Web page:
For some people, it’s about building the fastest machine possible. For others, it’s all about style. For virtually every bike we feature here, it’s a combination lying somewhere in the middle.
This week’s Speed Read features three wildly different motorcycles, all walking different lines between style and speed. We’ve got a stretched out Honda Ruckus from Australia, a Suzuki café racer from Portugal, an absolute weapon of a vintage-styled Baja desert racer from Italy, and lastly, a new documentary focusing on that lovely thing at the center of it all—speed.
Honda Ruckus by Ellaspede Not all scooters are created equal. The Honda Ruckus continues to prove this with every incredible custom built on the platform; the tubular steel frame just begs for alteration.
Ellaspede, based in Queensland, Australia, is not known for its Ruckus customs—far from it. If you look at the massive list of custom builds on the brand’s website, you won’t see a single scooter. Apparently this one is special.
The stock Honda engine was replaced with a GY6 unit that was stroked out to 171 cc, good for a claimed top speed of 100 km/h [62 mph]. That new engine was fitted with pod filters and an upswept carbon Yoshimura exhaust.
12-inch billet engine mounts give the bike its stretch. Additional billet components mount the slammed rear suspension system, with a set of lowered forks and clip-ons fitted up front to match.
A 12” front wheel and 13” rear are wrapped in Michelin Power Pure tires. Brembo calipers grab 220 mm discs at both ends, working through CNC’d master cylinders and teflon-coated lines. Because when you need to redo all the stock-length cables anyway, why not go to the nines?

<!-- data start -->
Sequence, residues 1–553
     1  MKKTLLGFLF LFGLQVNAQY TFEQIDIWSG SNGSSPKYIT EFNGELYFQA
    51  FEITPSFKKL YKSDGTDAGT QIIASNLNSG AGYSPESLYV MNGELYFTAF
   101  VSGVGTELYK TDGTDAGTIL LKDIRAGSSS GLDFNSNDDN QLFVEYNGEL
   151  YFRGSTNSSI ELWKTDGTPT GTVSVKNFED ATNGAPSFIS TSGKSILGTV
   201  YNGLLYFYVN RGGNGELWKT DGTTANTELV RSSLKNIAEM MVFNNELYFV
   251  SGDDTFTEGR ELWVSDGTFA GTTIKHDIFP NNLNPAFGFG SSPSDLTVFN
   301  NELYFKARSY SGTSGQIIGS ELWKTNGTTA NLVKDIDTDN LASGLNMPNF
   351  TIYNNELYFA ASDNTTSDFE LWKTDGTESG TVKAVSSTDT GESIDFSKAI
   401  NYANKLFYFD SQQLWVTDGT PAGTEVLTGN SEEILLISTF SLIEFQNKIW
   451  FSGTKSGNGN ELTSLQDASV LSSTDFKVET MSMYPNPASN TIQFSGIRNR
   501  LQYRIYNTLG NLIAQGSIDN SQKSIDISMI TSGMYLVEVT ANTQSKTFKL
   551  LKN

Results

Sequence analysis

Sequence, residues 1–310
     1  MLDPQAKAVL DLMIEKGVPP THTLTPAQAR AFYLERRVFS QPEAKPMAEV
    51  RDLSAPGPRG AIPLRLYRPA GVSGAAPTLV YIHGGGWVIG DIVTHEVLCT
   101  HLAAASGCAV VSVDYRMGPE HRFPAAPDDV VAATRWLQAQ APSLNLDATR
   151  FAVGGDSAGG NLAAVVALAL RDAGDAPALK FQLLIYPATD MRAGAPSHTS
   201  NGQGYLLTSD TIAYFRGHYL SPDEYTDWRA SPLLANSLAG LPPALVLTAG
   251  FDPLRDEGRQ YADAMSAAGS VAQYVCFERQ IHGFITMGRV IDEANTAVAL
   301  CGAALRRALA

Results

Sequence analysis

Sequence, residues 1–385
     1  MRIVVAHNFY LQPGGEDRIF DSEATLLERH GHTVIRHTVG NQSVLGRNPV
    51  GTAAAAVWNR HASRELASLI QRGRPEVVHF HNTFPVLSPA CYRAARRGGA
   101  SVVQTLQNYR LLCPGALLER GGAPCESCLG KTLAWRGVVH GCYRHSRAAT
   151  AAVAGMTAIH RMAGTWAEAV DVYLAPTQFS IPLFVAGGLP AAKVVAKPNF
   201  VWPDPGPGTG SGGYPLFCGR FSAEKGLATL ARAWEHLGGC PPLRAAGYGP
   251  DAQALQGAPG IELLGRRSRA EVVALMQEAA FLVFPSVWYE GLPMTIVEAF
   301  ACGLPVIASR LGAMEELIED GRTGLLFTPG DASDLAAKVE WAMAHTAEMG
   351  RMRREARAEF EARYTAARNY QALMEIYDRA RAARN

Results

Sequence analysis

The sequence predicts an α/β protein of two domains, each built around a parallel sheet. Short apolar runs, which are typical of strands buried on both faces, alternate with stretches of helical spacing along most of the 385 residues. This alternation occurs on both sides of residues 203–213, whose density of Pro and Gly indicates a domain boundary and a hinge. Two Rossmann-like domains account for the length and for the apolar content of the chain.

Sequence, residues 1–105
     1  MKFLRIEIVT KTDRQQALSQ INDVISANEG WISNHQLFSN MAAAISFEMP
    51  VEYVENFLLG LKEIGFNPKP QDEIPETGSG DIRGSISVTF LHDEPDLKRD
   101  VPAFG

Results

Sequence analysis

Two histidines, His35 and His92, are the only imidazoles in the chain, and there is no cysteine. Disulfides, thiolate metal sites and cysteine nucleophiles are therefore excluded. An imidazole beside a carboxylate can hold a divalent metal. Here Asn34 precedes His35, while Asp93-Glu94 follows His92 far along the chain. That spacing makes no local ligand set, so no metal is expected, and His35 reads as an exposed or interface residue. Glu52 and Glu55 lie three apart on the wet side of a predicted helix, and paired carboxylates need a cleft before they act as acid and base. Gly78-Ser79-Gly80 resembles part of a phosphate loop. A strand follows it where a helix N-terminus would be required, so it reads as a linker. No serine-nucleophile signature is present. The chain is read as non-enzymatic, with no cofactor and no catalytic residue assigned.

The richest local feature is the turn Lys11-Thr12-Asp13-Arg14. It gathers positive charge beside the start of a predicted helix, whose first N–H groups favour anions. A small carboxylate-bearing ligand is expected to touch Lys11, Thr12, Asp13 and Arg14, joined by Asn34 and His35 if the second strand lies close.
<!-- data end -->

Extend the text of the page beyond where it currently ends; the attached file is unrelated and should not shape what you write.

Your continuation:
A full aftermarket wiring loom was installed, and a new Koso gauge system was hooked up, giving all of the necessary information with an added dose of tech and style. The rest of the lighting suite was minimized with Koso and Motogadget parts, as well as a new LED headlight and a custom-built license plate mount.
Slammed and stretched, Ellaspede’s custom Ruckus is a reminder not to sleep on this plucky scooter. Who else is itching to take it for a spin? [Via]
Suzuki GSX750 by Rusty Wrench Motorcycles Rusty Wrench is a motorcycle mecca tucked away in Loulé, Portugal. In the middle of an area known for its temperate weather and wonderful motorcycling roads, Rusty Wrench serves up hot coffee, the latest moto gear and accessories, fresh haircuts and tattoos, and yes, beautiful custom motorcycles—like this 1987 Suzuki GSX750.
The donor bike was just that—a donor. It was in rough shape. So rough, that Francisco and Vera Correia, the team behind Rusty Wrench, named the build ‘Fenix,’ as a completely new and refreshed bird would rise out of these ashes.
All of the original GSX’s original bodywork had to be replaced. A new fuel tank was taken from a Honda CB750, a composite tail section was mounted to a custom subframe, and a vintage re-popped fairing was fitted to the bike with custom-made mounts.